Sitting Down on the Job – Hazardous to Your Health

Oct. 1, 2012

Who would have thought that office jobs could be hazardous to your health? A person in a job that requires long hours of sitting is in just as at risk for health problems as those individuals doing manual labour or heavy lifting in their jobs.  And this doesn’t apply to just those still working.    A lot of us spend considerable time at computers in our off time.  We are just as vulnerable.


Some of the risks associated with desk work are:

  •     chronic low back pain
  •     weak abdominal muscles possibly leading to back problems
  •     repetitive use injury such as carpal tunnel syndrome
  •     weak gluteal muscles possibly leading to low back pain

Upper Crossed Syndrome:

Muscle imbalances are common in almost all of us.  Posture affects these imbalances and it is important to recognize postural problems and make corrections where necessary.  The first posture that is important is the position of the head.  Most people have a forward head posture.  This is caused by the invention of the computer sitting long hours looking at computer screens.


If you look at the ideal posture, a line should fall down the side of the body from the midline of the ear, through the shoulder, hip, knee and ankle.  If the head is forward of this line, it plays havoc with the muscles of the upper quadrant.  This often leads to internal rotation of the shoulder.   This leads to shortening of the  pectoral (chest) muscles.  This also causes lengthening of the upper back muscles such as rhomboids and trapezius.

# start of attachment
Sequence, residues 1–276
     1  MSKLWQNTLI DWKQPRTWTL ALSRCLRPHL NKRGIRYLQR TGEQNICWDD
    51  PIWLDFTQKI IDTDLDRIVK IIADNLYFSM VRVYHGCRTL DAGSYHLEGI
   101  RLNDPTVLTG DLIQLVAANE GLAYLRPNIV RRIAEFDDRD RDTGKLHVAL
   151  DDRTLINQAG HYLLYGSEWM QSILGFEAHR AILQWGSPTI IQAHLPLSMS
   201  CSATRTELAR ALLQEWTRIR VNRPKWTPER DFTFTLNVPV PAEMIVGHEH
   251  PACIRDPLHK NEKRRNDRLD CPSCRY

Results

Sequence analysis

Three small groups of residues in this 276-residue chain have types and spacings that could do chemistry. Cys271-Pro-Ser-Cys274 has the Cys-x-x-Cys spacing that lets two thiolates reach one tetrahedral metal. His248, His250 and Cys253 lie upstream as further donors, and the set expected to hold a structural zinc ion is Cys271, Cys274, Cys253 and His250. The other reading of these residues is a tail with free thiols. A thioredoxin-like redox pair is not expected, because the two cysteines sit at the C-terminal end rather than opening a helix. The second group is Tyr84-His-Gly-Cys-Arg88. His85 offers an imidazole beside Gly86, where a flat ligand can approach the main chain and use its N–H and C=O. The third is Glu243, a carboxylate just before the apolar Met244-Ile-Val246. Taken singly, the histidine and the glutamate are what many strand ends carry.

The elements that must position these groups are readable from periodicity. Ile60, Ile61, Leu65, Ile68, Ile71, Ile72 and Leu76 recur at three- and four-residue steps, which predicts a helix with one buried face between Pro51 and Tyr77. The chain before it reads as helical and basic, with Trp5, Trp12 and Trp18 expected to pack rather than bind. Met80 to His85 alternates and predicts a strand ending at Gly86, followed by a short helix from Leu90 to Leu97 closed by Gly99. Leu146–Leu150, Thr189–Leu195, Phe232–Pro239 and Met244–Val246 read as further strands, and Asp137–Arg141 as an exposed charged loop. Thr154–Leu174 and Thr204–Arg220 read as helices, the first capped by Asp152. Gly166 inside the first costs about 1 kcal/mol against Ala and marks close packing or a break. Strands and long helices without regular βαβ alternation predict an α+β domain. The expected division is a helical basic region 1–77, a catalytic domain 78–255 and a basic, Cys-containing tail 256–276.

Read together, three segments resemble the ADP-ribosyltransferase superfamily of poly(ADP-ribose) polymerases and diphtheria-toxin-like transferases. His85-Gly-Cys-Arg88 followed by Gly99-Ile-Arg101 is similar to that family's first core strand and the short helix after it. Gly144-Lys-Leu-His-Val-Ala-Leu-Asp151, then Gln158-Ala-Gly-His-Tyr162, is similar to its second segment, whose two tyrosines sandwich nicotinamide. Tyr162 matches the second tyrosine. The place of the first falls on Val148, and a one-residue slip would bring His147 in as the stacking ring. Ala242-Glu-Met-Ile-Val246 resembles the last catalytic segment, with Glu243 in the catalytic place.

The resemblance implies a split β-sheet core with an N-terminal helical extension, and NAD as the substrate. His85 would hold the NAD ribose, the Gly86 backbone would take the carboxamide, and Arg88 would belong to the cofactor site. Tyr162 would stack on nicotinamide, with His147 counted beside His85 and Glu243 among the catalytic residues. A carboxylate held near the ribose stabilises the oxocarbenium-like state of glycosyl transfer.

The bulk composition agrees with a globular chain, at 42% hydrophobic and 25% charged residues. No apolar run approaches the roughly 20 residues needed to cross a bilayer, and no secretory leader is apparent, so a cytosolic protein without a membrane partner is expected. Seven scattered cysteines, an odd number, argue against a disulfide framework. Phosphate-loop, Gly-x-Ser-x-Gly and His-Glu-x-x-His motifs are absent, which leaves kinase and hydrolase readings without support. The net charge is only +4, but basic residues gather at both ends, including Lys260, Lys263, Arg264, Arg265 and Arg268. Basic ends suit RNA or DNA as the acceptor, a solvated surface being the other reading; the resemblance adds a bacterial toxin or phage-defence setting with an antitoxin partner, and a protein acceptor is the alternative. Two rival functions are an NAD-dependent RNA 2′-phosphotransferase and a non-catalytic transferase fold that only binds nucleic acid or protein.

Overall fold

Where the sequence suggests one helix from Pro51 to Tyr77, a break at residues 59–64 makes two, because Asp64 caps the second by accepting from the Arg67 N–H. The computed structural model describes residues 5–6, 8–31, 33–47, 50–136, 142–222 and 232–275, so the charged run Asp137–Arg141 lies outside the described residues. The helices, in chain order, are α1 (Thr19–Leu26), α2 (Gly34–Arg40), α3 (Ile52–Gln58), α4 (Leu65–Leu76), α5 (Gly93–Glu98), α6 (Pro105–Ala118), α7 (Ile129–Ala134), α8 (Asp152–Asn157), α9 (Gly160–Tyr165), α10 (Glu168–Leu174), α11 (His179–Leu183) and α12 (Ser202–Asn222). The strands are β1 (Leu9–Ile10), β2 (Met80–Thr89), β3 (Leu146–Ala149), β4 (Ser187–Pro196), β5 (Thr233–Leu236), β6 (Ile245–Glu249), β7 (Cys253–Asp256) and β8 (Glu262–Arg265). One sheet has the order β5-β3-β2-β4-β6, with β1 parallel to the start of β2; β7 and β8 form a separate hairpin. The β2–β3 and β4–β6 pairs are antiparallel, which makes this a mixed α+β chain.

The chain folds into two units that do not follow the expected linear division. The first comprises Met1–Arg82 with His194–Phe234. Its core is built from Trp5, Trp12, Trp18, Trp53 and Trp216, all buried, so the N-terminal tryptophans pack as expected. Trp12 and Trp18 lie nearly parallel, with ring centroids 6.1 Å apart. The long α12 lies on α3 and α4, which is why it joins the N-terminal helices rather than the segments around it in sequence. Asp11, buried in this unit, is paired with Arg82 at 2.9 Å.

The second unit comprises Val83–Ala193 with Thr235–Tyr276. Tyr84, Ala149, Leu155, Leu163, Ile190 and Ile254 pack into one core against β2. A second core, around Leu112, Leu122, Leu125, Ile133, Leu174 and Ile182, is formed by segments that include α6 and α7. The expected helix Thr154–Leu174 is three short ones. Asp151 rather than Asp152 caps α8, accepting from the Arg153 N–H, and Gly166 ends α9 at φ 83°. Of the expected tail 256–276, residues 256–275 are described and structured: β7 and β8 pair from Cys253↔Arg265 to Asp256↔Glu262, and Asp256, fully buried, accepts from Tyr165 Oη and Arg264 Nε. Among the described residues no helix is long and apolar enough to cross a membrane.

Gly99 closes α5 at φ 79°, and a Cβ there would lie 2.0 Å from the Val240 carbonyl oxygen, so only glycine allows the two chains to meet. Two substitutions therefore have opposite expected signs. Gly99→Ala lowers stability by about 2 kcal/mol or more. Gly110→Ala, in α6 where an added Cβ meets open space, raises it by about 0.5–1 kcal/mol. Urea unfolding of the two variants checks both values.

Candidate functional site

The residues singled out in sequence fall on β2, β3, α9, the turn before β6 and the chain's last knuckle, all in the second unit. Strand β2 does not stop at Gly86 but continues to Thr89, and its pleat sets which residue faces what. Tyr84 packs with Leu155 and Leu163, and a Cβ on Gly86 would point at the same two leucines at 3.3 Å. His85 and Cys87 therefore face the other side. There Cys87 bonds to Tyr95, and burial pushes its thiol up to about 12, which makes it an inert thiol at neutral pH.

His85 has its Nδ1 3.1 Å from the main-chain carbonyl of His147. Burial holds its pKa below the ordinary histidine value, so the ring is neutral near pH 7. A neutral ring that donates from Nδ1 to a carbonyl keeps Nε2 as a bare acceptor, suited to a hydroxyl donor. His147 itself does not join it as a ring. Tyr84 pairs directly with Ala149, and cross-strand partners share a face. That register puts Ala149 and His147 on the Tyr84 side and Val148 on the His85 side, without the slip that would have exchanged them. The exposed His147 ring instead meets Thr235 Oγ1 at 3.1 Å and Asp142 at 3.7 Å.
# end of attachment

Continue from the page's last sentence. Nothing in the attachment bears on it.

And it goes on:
If a muscle is not at its ideal length (either too short or lengthened) it causes dysfunction at the joints these muscles surround.  This can then lead to headaches, neck pain, stiffness and tightness in the neck, tingling in arms or hands.  To alleviate this “upper crossed” syndrome, it is important to stretch the muscles that have been shortened (chest, ) and strengthen the muscles of the upper back (rhomboids, trapezius, rotator cuff).  Resistance exercises such as pulling exercises will go a long way to alleviating the symptoms associated with this common postural problem.

Hip Flexor Muscles:

These very powerful muscles located in the front of the body run down front of your hip area.  These muscles are responsible for lifting the leg during a walking or running motion.  These muscles are also prime muscles exercised during conventional sit up exercises.  As we sit for long periods of time, as in a desk job, these muscles tend to shorten as the leg is always in a bent or flexed position at the hip.  As a result, when one stands these muscles remain in a shortened position resulting in the pelvis being pulled forward.  This in turn pulls on the muscles of the low back resulting in chronic low back pain.

There are a couple of ways to decrease the effects of potentially shortening hip flexor muscles:

  •     get up and move!  On breaks go for a short walk and on lunch hour take the time  to go for a brisk walk.
  •     Stretch, stretch and stretch again.  At least 3 times per week, stretches should be done to balance the effects of sitting.  This can take as little as 10 minutes once per day – a perfect activity while watching TV in the evening.  Don’t   forget your  foam rollers!

Till next time,


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